Artist Blue Curry reinvigorates his east London townhouse

Victorian architecture with a creative Bahamian-British twist

Blue Curry’s east-London house, photographed by Rachael Smith
Rachael Smith

There’s a certain type of house hunter who likes a wreck and, says artist Blue Curry with a laugh, ‘what attracted me to this place was that it really looked like hell’. A once-grand house that had fallen on hard times, the property’s fortunes have been linked to the ebb and flow of British history.

Overlooking the east London oasis of Victoria Park, it was built for wealthy Victorian industrialists at a time when Britain was the workshop of the world. But, during World War II, it was sold at a rock-bottom price, remaining in the same hands until Blue spotted it in 2012. Untouched and unloved, it had gaping bomb damage, cracks and dodgy extension cables snaking from the floors. For Blue, cash-poor and vision-rich, it was irresistible.

Blue Curry’s east-London house, photographed by Rachael Smith
Rachael Smith

As someone who creates installation pieces and sculptural assemblages, Blue is fascinated by objects with a past, and so was passionate about preserving everything in the house. ‘I labelled and stored each piece, from coat hooks to old timber,’ he says. ‘My work explores exoticism and there’s a sort of temporal exoticism in a house so full of history.’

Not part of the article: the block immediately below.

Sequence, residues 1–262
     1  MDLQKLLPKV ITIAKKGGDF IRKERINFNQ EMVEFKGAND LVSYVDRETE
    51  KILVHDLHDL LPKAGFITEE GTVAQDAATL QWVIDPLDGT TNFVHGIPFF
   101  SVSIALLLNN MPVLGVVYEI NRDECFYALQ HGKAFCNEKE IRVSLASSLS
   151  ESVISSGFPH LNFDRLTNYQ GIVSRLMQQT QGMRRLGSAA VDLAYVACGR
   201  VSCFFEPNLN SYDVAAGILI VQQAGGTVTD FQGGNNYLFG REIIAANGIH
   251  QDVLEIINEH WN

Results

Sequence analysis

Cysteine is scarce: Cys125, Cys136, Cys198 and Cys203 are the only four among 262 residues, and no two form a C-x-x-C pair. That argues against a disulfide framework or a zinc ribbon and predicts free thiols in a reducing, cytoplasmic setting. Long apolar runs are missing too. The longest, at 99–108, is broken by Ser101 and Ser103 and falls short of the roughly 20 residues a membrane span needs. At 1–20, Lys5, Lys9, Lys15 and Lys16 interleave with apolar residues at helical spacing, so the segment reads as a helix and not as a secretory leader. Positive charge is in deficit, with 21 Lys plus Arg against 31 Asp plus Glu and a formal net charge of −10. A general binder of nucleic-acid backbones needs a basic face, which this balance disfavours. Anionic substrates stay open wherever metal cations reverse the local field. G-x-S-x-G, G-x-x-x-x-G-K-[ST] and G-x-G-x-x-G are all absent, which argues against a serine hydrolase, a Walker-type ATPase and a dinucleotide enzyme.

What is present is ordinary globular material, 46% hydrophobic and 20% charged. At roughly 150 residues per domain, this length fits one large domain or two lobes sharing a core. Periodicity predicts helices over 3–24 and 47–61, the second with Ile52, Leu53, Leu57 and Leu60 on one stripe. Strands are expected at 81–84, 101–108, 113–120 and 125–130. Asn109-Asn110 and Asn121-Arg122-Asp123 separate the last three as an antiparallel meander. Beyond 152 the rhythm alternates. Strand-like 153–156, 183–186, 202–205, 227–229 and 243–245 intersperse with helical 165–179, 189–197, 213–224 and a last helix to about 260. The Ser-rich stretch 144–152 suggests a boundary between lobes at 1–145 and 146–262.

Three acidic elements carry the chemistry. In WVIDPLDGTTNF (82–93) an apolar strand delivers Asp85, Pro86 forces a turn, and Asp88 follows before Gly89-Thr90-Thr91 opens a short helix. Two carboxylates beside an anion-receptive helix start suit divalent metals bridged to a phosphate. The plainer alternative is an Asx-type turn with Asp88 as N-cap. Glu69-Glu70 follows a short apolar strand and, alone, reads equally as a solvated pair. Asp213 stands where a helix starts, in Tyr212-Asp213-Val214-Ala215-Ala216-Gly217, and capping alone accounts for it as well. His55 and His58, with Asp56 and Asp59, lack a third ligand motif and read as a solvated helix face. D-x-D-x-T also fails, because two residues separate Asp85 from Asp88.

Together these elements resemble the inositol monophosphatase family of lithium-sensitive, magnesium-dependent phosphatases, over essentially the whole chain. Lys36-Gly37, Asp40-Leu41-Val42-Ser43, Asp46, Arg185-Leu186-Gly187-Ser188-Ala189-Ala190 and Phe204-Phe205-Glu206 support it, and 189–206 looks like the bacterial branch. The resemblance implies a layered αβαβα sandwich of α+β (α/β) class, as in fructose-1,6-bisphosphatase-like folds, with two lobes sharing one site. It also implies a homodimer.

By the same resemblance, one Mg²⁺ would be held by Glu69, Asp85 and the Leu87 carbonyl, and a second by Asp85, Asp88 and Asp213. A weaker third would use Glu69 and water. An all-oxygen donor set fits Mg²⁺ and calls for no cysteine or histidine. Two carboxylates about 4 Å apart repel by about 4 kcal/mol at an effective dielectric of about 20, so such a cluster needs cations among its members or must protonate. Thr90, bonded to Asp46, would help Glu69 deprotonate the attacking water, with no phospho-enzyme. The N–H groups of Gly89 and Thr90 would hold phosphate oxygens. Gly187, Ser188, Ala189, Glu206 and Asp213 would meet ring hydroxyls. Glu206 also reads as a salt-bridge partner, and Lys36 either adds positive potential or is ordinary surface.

The artist might have ended up living in a time capsule, though, had he not drafted in help from architect friends Lara Rettondini and Oscar Brito of Studio X. They gently urged a more balanced approach, celebrating the quirks of the original house while adding bold, modern elements to reinvigorate the space. The top-floor bedroom was extended into the loft, and a ramshackle lean-to was replaced with a new light-filled extension containing a kitchen-dining space. ‘I need lots of light. I think it’s a Caribbean thing,’ says Blue, who was born and raised in the Bahamas before coming to London 20 years ago.

Blue Curry’s east-London house, photographed by Rachael Smith
Rachael Smith

Copious sunshine is also essential for his plant collection – another link to his roots. ‘I think I’m trying to recreate a sense of the lush greenery I grew up with,’ he explains. When it comes to furniture and accessories, there’s a magpie-like eye at play here. ‘In most Bahamian homes, you see a melange of styles, with 1950s and 80s pieces sitting happily side by side. In this house, anything goes, but it’s not a free for all – a lot of thought goes into what gets chosen and how it is displayed.’

‘There’s a sort of temporal exoticism in a house so full of history’

Today, the house is a reflection of modern Britain. The past is cherished but the space has been reawakened by the Italian-Venezuelan architects and filled with globally sourced curios. ‘I think the idea of the mash-up is a positive one here,’ says Blue. ‘So many things have come together to co-exist that there’s a real rhythm about them.’ bluecurry.com; studiox.ws

This feature appeared in ELLE Decoration October 2019.

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